Since the T100 was no longer a true trim upgrade from the Bonneville, but more truly another model, a high-spec Bonneville was needed. Enter the Bonneville Special Edition. Sporting the same wheel and ergo package as the standard version, the SE gets a tachometer, two-tone paint, brushed-aluminum engine cases, and a chromed cast tank badge to the base model's sticker.

Unlike most of these new model launches, we actually got to put some real miles on the new Bonny. After our pre-packaged group ride through the bayous of Mississippi, we spent another couple days exploring the back roads and city streets of greater New Orleans. The Bonneville was the perfect companion for a job like this.

Settling in to the compact cockpit, the Bonneville has a very upright seating position, but only a little cramped for my 6-foot frame. Adjustable levers for both clutch and brake are a very nice touch, especially on a bike at this price. With a twist of the key, it fires right up and settles into the even gait of a parallel twin. Though it has an enrichener knob (or choke), I never needed it to start the bike. Possibly it's just there to complete the carb-equipped illusion, but Triumph representatives say it's for starting in extreme cold.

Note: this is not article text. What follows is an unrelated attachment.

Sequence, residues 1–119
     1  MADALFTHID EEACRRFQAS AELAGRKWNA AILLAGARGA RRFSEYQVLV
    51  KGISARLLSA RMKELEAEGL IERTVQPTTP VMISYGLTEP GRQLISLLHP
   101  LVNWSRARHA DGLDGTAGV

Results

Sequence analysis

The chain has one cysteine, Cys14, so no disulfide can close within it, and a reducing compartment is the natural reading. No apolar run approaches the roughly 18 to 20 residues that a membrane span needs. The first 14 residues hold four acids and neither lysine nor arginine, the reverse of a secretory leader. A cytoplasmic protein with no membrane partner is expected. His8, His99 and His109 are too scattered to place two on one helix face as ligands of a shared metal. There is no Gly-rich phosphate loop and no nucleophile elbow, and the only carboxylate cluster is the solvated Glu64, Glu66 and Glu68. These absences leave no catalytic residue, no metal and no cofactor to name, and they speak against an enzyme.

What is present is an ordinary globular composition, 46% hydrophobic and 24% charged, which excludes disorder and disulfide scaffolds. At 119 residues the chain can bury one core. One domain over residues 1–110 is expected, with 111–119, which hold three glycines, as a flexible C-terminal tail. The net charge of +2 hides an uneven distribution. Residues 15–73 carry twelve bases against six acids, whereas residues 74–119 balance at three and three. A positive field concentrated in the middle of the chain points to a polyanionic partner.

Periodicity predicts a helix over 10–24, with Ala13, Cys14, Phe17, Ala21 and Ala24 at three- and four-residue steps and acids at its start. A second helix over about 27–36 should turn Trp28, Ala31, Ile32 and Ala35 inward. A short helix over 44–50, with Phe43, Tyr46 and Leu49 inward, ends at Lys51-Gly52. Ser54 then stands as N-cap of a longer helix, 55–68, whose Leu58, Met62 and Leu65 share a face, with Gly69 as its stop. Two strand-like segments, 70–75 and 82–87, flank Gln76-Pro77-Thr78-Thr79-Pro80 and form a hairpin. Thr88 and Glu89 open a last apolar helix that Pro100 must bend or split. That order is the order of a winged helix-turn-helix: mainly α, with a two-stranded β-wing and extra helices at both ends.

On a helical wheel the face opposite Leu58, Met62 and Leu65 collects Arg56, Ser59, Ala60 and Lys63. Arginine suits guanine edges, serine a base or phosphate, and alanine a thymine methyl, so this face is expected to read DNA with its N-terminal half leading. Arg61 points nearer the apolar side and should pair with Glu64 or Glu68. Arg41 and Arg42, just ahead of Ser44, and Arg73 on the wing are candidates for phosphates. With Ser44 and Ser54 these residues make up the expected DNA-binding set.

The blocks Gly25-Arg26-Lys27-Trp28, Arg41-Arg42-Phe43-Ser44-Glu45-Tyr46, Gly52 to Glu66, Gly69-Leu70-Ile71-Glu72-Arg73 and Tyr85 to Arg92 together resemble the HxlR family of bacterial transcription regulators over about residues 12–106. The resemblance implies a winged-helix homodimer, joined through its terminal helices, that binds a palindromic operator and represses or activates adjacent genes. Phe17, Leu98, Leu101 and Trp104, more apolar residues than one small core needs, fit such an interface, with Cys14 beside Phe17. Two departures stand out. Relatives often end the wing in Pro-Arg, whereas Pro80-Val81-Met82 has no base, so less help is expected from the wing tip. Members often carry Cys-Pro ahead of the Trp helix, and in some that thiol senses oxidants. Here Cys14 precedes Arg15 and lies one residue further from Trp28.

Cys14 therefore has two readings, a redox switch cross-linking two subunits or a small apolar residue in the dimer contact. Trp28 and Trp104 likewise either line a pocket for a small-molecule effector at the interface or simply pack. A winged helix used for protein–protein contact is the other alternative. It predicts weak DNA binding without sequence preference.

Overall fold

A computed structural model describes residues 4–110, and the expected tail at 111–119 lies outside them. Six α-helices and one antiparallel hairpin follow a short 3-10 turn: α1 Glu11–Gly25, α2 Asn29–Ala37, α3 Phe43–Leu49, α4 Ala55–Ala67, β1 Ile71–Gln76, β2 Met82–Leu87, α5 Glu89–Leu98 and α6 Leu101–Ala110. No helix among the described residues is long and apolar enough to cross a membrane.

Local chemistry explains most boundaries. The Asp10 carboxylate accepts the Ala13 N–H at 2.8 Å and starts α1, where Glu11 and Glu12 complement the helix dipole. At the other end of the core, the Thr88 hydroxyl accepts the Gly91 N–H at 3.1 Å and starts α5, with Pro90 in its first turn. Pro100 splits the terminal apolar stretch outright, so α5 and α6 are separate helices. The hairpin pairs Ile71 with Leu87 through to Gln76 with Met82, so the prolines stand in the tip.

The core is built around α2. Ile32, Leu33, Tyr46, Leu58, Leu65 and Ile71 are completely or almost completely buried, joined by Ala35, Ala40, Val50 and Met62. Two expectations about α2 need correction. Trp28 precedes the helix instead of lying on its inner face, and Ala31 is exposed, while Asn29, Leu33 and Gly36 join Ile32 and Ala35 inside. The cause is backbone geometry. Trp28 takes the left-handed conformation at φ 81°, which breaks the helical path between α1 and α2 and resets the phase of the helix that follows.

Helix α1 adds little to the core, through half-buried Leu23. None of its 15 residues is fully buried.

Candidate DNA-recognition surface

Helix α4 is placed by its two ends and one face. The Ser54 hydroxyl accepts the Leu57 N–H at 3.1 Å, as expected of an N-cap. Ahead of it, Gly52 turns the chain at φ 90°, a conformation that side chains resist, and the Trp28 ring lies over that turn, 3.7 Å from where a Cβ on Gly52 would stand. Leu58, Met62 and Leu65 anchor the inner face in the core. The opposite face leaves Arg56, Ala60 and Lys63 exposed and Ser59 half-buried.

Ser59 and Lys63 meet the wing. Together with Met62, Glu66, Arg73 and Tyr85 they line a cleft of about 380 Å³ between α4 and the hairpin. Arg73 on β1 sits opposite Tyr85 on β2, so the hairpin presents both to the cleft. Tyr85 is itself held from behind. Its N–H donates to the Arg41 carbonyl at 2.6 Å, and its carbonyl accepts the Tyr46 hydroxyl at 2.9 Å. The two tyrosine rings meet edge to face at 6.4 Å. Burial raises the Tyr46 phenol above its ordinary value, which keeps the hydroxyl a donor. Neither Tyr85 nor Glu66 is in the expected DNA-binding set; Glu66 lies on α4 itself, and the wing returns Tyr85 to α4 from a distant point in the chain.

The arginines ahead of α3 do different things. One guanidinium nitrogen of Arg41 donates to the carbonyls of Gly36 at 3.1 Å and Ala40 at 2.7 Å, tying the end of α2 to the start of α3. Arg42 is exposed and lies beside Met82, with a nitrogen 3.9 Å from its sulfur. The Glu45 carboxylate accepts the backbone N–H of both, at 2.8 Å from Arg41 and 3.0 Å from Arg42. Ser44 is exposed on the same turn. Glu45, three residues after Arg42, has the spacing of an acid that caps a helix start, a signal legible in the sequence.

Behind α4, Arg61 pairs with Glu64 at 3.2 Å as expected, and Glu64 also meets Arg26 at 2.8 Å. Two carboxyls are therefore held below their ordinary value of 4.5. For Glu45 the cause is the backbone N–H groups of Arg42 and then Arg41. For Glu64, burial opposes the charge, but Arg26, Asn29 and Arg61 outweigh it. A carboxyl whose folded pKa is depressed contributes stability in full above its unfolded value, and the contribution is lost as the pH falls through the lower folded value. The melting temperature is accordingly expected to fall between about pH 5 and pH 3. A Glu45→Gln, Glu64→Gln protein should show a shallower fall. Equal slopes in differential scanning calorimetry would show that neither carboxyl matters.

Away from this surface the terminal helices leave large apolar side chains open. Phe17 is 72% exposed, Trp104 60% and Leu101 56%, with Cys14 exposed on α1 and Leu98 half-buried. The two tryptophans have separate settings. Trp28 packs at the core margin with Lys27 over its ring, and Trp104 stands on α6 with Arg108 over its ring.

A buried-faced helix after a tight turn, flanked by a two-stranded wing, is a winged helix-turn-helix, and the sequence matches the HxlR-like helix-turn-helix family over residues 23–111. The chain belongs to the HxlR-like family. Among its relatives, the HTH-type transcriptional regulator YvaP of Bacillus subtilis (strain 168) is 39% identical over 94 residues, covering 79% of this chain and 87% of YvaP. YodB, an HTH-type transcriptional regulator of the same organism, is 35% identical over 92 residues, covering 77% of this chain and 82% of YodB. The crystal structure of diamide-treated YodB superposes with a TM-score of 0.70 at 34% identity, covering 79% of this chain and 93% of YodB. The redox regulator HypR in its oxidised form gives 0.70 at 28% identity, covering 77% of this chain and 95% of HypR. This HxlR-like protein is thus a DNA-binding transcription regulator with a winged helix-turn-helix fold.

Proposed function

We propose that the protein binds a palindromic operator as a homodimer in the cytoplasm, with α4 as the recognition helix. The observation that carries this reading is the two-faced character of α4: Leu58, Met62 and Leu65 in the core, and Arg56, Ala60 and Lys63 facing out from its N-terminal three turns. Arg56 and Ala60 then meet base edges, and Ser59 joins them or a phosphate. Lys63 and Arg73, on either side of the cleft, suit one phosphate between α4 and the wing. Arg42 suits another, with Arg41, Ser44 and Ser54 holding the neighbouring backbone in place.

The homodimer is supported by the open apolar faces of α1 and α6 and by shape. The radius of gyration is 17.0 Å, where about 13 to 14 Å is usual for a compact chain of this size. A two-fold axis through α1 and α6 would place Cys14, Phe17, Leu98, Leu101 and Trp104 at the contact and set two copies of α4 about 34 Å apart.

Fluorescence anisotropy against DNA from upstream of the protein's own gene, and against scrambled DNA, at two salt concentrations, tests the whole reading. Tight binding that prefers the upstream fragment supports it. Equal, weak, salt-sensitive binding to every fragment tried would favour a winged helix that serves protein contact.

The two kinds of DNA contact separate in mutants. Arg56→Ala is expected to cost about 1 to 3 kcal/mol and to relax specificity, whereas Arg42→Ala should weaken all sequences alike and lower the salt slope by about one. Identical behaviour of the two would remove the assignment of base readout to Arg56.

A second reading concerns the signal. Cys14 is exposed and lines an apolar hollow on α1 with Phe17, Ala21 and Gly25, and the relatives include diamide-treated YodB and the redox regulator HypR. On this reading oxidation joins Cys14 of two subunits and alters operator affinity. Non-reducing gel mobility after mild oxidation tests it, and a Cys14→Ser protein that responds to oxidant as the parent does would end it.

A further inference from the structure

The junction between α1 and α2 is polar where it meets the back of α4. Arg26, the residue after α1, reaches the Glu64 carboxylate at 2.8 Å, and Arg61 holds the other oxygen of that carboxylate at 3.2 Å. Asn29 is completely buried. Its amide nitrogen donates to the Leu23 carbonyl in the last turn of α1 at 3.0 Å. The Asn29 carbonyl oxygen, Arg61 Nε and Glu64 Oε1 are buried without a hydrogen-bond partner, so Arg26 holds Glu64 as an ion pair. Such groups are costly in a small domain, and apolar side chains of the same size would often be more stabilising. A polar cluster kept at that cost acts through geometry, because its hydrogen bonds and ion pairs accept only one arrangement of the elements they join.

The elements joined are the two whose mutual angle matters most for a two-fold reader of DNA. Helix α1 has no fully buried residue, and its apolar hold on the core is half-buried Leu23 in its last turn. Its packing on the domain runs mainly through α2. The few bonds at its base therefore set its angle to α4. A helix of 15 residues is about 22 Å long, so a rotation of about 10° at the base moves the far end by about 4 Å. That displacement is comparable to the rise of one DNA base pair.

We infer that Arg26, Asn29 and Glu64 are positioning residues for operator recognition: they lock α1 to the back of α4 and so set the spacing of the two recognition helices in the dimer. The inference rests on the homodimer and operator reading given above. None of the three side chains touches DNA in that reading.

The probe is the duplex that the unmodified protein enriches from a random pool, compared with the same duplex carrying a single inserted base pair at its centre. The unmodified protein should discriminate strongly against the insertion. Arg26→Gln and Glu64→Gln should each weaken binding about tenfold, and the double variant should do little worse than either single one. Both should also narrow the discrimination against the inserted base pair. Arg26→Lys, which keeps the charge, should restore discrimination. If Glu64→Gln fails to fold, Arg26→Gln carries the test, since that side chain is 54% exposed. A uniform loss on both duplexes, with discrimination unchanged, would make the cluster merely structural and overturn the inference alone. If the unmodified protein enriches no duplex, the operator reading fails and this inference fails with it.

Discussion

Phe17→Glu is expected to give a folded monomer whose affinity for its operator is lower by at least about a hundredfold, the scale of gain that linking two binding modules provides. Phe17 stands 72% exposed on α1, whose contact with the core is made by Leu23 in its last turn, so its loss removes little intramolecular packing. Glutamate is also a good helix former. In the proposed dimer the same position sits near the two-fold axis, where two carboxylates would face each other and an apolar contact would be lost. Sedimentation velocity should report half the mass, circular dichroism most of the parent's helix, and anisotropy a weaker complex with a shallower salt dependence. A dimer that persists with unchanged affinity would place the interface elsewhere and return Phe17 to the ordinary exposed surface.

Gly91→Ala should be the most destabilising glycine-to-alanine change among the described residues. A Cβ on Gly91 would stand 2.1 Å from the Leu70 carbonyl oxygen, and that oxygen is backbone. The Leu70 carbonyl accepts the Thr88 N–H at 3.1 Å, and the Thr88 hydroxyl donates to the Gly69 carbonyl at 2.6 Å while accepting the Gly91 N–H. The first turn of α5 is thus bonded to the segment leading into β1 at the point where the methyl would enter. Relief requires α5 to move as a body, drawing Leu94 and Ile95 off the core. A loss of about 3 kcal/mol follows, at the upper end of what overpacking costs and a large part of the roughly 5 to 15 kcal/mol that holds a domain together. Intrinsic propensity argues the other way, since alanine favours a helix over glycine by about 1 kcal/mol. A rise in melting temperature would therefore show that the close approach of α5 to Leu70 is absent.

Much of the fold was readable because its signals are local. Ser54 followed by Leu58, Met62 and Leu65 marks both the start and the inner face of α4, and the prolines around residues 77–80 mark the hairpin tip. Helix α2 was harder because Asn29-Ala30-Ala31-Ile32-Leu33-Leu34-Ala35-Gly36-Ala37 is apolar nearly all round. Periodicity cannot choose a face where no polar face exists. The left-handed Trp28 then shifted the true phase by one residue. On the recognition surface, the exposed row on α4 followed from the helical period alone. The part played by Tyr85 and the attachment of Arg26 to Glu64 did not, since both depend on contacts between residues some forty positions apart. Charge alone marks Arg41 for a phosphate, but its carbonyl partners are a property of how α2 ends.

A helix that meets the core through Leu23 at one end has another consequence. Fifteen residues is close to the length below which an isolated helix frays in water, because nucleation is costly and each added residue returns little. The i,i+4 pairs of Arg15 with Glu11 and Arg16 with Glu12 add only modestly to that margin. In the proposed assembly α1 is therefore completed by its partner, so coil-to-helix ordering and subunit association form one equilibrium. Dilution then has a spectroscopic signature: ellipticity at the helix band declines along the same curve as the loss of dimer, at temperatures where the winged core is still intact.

Starting in downtown New Orleans, adjacent to the French Quarter, gave a quick taste of city riding. The new sprightly character of the Bonneville is immediately apparent, and very much at home in the city, the new wheels not only reduced spinning mass, but also dropped the rake and trail numbers slightly as well. It's a light-feeling machine that flicks in and around traffic with ease, yet has a huge spread of midrange torque to accelerate quickly at most rpm. The Bonny is no power-monger, but neither is it left wanting. While it's nice to have the tach on the Special Edition version, you don't really need it; once out of the uninspiring bottom end, the parallel twin revs and revs to a sky high redline, leaving plenty of room for error. Shifting is silky smooth, with a five-speed gearbox that moves easily between cogs. Suspension is solid for a semi entry-level bike; you feel the big hits and there's some bouncing in the rough stuff, but under most normal conditions it's a champ.